Wash, dry and boil the chard or spinach in salted water for 5 minutes. Remove from heat, drain and transfer to a pasta colander with a plate and weight of some kind (I use a mortar) placed on top to remove the excess water from them. When drained of all excess liquid, transfer to a food processor. Add the firm and thoroughly drained ricotta, grated cheese, finely chopped garlic and marjoram, pepper and nutmeg and blend until obtaining a smooth puree. Taste for salt and add it if need be. If the puree has retained some water, add a spoonful of breadcrumbs so it soaks up the excess moisture.
For the dough
Crack an egg into a small bowl placed on a set of tared kitchen scales and weigh it. Transfer to a larger mixing bowl, beat the egg and add water and wine in equal amounts until you have 250 g of liquid all together. Start adding the salt and flour in a slow, steady stream using a fork or wooden spoon to bring the ingredients together. Transfer to a clean, lightly dusted work surface. Knead the dough until smooth and elastic. Leave the dough to rest for at least half an hour, covered by the mixing bowl.
Cut the dough into six equal pieces and keep 5 of them covered under the mixing bowl. Dust the remaining piece with flour and run through the widest setting of your pasta machine. Fold into three parts, dust with flour and run it through again from its shortest side at the same setting. Repeat this process at least three times or until a smooth dough with no holes is obtained. Start running the dough through at progressively narrower settings (I generally go up to the second lowest with pansotti) ensuring that both sides of your dough are well-dusted and that the shortest side is always inserted first.
Cut the sheet of pasta into squares measuring 7 x 7 cm. Transfer any leftover dough to under your mixing bowl so it can be rolled out again. Place a generously heaped teaspoon of filling at their centres and fold them in half to form a triangle. Press the dough down to envelope the filling of each square, being careful not to trap too much air inside. If the dough feels a little dry, seal the edges together with a wet fingertip. Fold the triangles of dough slightly so two creases are formed at the bottom of their bellies. Flip the points of your triangles over and press them on top of each other. Continue until you finish your dough and filling. Line your pansotti in a single layer on a tray with dusted with semolina flour.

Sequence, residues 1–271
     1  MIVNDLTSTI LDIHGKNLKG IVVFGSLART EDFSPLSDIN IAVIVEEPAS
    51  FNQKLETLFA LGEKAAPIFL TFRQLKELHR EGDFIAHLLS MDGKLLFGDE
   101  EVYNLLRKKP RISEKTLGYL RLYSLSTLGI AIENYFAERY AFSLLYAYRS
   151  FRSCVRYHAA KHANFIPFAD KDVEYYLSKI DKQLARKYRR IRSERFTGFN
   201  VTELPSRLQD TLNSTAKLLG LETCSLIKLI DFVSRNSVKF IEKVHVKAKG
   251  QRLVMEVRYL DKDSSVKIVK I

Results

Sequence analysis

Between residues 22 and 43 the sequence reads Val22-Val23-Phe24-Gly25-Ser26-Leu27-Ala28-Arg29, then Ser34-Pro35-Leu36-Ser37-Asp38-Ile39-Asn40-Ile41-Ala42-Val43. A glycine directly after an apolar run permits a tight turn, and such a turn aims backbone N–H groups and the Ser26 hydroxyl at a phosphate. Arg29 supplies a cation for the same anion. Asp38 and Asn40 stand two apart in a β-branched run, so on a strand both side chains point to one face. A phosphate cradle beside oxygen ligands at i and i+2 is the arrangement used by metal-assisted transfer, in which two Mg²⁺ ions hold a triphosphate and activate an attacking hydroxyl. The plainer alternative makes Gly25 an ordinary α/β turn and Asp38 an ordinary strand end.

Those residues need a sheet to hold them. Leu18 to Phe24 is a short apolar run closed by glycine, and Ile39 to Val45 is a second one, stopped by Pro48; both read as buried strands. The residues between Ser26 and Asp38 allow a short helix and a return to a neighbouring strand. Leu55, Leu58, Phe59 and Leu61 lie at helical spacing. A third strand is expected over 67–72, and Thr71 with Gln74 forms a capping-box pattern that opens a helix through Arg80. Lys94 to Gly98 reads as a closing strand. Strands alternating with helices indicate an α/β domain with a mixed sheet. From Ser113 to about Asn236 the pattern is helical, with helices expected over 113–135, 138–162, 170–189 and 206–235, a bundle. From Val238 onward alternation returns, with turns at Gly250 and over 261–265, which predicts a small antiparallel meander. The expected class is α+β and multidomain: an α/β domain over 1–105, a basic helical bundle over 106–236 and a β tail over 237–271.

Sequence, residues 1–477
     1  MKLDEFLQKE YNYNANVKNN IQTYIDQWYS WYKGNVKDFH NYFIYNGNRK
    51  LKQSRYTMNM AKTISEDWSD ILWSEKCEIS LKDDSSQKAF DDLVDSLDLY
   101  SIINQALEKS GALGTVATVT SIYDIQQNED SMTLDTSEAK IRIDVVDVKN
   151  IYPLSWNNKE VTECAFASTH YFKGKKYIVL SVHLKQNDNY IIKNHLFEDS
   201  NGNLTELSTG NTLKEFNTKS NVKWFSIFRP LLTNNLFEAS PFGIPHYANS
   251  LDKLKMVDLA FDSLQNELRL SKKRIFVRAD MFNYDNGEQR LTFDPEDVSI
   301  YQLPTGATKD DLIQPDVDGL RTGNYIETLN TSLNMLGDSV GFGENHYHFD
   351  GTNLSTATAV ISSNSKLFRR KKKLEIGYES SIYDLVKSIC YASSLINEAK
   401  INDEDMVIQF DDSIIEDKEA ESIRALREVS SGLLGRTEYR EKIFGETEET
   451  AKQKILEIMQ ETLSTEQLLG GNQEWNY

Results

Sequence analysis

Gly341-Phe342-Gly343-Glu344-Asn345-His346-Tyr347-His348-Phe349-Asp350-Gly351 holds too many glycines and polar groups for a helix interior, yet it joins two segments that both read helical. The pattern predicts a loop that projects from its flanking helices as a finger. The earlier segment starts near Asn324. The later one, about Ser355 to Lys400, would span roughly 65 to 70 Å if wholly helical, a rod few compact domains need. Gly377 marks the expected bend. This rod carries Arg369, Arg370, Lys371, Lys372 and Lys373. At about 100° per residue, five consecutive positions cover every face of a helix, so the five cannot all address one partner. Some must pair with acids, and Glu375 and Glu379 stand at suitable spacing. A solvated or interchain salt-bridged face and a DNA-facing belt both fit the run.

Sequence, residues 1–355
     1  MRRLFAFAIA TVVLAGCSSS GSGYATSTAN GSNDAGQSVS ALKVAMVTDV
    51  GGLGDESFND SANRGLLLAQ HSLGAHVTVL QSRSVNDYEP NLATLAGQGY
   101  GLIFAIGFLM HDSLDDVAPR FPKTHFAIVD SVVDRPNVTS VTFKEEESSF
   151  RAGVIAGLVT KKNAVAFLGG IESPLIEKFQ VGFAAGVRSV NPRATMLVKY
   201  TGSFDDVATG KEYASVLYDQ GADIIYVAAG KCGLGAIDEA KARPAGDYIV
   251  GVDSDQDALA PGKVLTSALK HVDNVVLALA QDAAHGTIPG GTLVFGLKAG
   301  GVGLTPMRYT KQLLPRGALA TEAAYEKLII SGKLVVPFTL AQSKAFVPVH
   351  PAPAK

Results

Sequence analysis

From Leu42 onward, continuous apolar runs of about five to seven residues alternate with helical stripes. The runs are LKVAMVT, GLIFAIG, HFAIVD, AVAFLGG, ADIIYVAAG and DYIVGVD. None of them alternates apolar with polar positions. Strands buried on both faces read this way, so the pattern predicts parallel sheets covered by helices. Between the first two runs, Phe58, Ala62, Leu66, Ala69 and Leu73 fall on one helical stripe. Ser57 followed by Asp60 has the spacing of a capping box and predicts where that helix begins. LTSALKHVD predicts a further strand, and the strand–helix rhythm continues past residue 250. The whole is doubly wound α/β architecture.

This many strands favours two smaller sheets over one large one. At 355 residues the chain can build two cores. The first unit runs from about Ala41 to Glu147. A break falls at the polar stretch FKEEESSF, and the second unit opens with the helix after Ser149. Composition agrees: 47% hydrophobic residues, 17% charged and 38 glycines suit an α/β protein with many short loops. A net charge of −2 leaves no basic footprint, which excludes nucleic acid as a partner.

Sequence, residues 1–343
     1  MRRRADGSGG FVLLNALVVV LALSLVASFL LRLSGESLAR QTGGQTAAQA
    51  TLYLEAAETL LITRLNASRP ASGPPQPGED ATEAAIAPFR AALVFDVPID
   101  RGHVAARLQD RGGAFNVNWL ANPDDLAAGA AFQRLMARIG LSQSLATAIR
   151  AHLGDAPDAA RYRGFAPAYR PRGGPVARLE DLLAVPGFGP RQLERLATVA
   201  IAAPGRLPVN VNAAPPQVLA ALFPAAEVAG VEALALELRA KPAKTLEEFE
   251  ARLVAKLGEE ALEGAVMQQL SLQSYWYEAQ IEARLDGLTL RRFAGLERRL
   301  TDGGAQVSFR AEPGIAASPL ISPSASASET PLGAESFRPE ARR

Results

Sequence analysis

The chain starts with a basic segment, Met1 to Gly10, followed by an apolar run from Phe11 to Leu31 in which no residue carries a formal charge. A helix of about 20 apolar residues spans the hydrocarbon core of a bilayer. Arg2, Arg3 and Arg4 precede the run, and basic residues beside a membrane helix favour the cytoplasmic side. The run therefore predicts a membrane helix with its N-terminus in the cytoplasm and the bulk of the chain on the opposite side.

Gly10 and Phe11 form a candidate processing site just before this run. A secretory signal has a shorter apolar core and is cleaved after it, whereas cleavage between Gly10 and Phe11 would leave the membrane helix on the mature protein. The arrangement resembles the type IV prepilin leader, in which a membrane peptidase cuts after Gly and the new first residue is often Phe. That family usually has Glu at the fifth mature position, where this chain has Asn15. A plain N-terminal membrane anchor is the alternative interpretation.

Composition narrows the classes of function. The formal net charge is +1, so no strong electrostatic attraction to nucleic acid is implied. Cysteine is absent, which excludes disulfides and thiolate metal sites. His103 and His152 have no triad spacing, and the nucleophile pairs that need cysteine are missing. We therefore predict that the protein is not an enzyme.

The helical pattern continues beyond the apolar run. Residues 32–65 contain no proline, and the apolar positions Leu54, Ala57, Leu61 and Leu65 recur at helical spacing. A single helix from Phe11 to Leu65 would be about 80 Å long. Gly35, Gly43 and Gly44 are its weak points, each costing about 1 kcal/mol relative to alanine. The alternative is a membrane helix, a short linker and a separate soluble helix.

Cook the pansotti in a large of pot of gently boiling well-salted water. Cook for about 4-5 minutes or until al dente. Your pansotti will float to the top and have a slightly puffed up appearance when ready.
Turn off heat and transfer pansotti with a slotted spoon to a warm serving bowl, ensuring that any excess water has been removed. Top with some olive oil, a Ligurian salsa di noci or walnut sauce (Enrica has a lovely recipe for making this) diluted with some reserved cooking water. Garnish with marjoram leaves. Serve immediately.
In search of more snort-inducingly funny names for Italian dishes? Well, do check out what my fellow #Cucina Conversations bloggers have written about this month:
Daniela, from La Dani Gourmet, has also been inspired by the region of Liguria this month and has made a dried-cod based dish which translates from the Ligurian dialect as ‘shaken testicles’ with her brandacujun.
Flavia, from Flavia’s Flavors, was the one who inspired us to make dishes named after body parts our topic earlier this year when she posted about the wonderful biscuits known as ‘bull’s eyes’ or occhi di bue. Once again, she has gone along the biscuit and animal body parts route with some ‘cats’ tongues’ or lingue di gatto.
Francesca, from Pancakes and Biscotti, has made something my husband adores and wishes I would make more often, ‘jump-in-the-mouth’ veal cutlets from Rome better known as saltimbocca alla romana.
Marialuisa from Marmellata di Cipolle, has made those minne or breasts from Catania prepared in the hour of martyr Saint Agatha.